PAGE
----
But how do our horses actually cope with the darkness?
- Our horses have a total field of vision of almost 360° and can just see their tails when their heads are forward. However, they only have a 65° spatial vision in front of them.
- In nature, the horse's retina is adapted to detect movement.
- They have limited close-focusing ability. (Both eyes until the object comes within 3 to 4 meters, only then it is forced to turn or lower its head to continue observing with only one eye)
- The rods in the eye clearly predominate over the cones, which indicates the high ability to see at night. Horses also have a tapetum lucidum, or rainbow layer - a fiber-elastic reflective structure that increases light-gathering properties by reflecting light back through the photoreceptor layer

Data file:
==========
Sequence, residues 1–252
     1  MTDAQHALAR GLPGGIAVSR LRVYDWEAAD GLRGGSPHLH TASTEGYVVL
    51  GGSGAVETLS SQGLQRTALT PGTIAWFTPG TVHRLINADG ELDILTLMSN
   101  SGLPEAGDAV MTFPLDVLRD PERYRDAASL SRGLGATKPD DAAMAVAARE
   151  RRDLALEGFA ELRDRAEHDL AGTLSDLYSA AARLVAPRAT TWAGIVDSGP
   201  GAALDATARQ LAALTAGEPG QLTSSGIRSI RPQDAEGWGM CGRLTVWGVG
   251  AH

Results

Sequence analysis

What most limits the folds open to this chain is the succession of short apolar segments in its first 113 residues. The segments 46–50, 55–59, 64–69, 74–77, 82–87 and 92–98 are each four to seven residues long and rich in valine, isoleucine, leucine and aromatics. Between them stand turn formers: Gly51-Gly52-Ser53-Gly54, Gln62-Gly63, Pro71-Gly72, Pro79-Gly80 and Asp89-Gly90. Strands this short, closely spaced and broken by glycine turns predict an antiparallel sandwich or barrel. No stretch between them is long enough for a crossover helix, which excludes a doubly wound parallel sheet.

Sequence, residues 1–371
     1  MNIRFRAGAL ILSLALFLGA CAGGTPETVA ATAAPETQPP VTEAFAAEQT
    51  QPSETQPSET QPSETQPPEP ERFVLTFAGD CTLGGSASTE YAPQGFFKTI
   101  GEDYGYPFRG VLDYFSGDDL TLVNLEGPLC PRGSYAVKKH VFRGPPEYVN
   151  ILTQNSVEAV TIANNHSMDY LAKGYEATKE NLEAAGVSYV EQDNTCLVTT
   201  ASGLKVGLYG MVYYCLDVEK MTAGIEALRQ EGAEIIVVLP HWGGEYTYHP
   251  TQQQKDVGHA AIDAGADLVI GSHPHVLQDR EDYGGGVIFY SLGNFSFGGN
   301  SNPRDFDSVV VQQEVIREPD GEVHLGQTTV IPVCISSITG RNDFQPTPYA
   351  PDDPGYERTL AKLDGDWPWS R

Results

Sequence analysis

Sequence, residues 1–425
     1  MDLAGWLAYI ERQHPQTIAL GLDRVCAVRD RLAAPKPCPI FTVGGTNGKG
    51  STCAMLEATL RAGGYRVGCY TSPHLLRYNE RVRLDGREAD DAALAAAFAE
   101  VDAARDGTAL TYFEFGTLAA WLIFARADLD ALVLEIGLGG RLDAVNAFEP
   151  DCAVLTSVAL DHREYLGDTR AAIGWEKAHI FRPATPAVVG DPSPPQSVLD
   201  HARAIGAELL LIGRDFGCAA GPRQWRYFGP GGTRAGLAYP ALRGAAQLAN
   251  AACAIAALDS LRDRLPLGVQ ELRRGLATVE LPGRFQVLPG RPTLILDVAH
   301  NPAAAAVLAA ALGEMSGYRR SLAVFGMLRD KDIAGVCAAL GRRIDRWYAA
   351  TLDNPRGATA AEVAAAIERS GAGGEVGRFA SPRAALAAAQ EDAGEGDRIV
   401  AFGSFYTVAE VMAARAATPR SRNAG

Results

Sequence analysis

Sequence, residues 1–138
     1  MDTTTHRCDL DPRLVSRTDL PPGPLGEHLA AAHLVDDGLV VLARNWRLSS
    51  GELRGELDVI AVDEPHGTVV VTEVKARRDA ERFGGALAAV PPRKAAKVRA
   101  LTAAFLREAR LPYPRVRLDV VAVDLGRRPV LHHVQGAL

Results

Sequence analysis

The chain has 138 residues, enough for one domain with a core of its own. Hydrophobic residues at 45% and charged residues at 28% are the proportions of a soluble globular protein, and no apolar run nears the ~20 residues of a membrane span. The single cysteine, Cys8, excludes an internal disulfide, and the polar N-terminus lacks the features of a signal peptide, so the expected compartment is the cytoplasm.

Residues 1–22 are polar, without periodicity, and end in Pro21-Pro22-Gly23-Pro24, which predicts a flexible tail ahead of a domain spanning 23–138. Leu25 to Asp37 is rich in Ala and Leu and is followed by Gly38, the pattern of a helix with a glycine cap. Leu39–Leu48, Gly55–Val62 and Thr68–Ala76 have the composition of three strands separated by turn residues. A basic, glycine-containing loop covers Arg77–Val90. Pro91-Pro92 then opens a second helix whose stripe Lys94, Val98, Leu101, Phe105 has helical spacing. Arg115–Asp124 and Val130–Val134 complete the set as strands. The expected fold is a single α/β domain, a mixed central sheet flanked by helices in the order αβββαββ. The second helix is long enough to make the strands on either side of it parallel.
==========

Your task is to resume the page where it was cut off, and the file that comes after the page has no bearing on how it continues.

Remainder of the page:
- Horses see blue and yellow colors but tend to have more trouble with red.
A study (Wouters and De Moor (1979)) showed that there is little improvement in sensitivity even after 30 minutes in the dark. For horses that are in a natural environment this is not generally a problem as the brightness of the sky changes slowly as darkness falls. However, in artificial environments, horses may need more time before they can see well in low light. This could be the case when they are being led quickly out of a lighted barn into the dark, or from daylight into a dark room, or when driving on the road changing from car headlights or streetlights to darkness.
Special caution is therefore required here!